There’s a sign above the door inside the Blue Jackets’ locker room that rookie forward Pierre-Luc Dubois is used to seeing by now.
Written on it is the motto coach John Tortorella preaches on a daily basis to his Blue Jackets, the youngest team by average age in the entire National Hockey League. It says, “Safe Is Death,” and is the creed Tortorella would like imprinted in his players’ minds.
Take some risks, calculated as they may be. Reap the rewards.
Dubois followed the plan to perfection Tuesday, and scored his second career NHL goal because of it – a highlight-reel number off a breakaway at 4:37 of the third period in the Jackets’ 3-1 loss to the Nashville Predators.
“It was beautiful,” said Columbus captain Nick Foligno, who had a great view of it on the ice. “I mean, that’s what he brings and we see it. I think as he gets more confident in his abilities, and understanding who he is in this league, you’re going to see more of that from P-L.”
If you asked P.K. — Subban, that is — he’d probably agree.
Subban was the “defenseman,” as Dubois put it, who cut through the neutral zone and became a target. Dubois stripped him of the puck, seconds after coming over the boards for his first shift in the third.
In a blink, the 19-year old forward was at full speed, racing toward the Nashville net with the puck on his stick. In a matter of seconds, he showed everybody why the Blue Jackets took him with the No. 3 overall pick in the 2016 NHL Draft.
As he approached Predators goalie Pekka Rinne, who’d stonewalled the Blue Jackets and needed just one more shutout to have the most by a Finnish-born goaltender in NHL history, Dubois did something he never does.
“Normally on a breakaway, I never deke,” he said. “I always shoot, but I guess I just chose to deke and it went in.”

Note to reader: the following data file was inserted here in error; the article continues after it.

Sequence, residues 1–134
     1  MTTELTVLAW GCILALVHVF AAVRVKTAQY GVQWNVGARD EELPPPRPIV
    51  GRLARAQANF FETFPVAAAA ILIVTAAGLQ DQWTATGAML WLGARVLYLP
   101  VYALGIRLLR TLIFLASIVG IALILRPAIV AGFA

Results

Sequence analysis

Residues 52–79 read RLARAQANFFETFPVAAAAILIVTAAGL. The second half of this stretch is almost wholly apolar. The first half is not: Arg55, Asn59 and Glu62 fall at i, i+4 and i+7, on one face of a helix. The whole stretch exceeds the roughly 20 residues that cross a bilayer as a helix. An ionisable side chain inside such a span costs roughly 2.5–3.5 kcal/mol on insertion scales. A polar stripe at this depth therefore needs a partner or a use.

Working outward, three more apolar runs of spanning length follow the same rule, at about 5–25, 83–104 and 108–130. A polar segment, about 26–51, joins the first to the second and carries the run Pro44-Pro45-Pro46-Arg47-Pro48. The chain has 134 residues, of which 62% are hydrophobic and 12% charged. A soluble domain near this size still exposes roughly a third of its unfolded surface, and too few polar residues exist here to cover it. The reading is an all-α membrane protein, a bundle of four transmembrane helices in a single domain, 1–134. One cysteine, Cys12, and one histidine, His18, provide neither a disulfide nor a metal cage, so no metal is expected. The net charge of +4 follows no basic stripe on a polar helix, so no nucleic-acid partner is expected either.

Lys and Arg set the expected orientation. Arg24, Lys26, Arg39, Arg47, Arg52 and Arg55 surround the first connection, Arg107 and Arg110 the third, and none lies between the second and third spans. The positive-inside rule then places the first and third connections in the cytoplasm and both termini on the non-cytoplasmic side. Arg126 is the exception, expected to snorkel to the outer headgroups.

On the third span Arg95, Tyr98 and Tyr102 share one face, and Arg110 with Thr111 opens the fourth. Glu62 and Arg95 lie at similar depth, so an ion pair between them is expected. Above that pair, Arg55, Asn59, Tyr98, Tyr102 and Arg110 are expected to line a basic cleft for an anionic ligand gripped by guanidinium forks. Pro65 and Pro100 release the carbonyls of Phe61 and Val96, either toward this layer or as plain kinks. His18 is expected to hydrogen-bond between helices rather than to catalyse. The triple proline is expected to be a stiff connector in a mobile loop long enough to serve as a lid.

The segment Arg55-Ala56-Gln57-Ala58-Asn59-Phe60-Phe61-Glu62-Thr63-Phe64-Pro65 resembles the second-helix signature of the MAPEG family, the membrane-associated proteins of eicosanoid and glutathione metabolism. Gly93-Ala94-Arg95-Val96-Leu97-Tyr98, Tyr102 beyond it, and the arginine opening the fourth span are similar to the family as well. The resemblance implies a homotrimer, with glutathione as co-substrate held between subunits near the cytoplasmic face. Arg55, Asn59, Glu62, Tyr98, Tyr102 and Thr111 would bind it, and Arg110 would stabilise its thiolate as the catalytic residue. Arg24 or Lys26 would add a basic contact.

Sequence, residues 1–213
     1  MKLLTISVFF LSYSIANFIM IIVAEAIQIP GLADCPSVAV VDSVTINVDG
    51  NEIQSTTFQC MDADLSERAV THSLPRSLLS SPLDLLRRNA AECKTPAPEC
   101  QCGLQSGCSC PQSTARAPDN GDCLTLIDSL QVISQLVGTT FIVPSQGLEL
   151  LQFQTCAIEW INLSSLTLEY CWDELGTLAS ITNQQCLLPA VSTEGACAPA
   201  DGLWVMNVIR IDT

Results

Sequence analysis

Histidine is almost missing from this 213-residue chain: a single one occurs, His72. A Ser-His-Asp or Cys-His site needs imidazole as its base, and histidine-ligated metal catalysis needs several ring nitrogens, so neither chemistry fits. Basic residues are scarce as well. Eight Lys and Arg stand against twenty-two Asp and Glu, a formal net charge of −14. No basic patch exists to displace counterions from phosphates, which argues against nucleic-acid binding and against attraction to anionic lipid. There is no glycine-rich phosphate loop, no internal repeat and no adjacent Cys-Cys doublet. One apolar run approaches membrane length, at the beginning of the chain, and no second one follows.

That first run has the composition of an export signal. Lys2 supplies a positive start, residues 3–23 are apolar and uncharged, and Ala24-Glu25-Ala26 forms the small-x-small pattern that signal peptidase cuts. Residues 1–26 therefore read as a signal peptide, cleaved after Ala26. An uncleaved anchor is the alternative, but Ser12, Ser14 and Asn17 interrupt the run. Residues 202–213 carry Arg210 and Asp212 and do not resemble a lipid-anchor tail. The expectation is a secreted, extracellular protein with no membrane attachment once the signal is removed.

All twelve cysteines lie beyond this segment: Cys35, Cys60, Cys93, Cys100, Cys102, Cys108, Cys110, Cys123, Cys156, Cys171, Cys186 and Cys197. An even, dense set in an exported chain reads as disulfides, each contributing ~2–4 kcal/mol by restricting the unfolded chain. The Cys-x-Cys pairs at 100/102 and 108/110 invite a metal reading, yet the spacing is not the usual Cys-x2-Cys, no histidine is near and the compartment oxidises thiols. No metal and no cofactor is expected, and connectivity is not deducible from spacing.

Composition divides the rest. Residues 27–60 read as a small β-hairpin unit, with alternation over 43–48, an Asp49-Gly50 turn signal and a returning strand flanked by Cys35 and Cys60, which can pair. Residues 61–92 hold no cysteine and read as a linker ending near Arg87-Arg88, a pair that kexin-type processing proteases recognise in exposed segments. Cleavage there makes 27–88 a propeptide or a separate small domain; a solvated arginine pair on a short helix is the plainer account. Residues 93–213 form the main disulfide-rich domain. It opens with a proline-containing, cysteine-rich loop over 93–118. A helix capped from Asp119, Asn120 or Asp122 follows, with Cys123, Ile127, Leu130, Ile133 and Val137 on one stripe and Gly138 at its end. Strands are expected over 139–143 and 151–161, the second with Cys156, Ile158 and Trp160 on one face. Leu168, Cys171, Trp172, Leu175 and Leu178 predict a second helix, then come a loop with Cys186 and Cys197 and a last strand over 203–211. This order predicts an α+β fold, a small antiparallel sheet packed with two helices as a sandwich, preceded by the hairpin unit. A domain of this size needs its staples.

Safe is death, after all.
A risk yielded reward. A deke kept Rinne tied with Miikka Kiprusoff with the most career NHL shutouts (44) by Finnish-born goalies.
It wasn’t the first time Dubois left his comfort zone on the play, either. That happened as soon as his skates hit the ice.
“I got off the bench, and normally the first guy’s supposed to go wide,” Dubois said. “But I saw the defenseman coming up, and I knew he was going to make a move. I got lucky, I guess, and chose the right side and got a stick on it.”
The rest is something you can watch on NHL Network for the next 24 hours, or during some segment where they go over the season’s slickest plays.
In the span of four seconds, Dubois showed the potential he has built into him. The trick now is to keep building off the spark of his recent play, which the Blue Jackets were unable to do Tuesday.
Dubois’ teammates had their chances to beat Rinne themselves, but just couldn’t.
The Predators’ goalie, who’s nimble and takes up a lot of space, made some great saves. The Jackets also let him off the hook a couple times, epitomized by Zach Werenski with 3:31 left in regulation.
After a quick feed from Foligno, Werenski had a wide opening of the net to target during a late power play. Instead of tying the game 2-2, his attempt at a one-timer sailed wide right from the lower half of the right circle.
Calle Jarnkrok’s rebound goal at 14:25 stood up as the game-winner for Nashville. Viktor Arvidsson sealed it for the Predators by scoring into an empty net for his second point of the game.
It was the third straight defeat for Columbus (9-6-1), which got veteran forward Cam Atkinson back after missing four games with a lower-body injury and illness. The Blue Jackets have a day off Wednesday, practice Thursday and will try to nix their losing skid Friday, when they host the Carolina Hurricanes.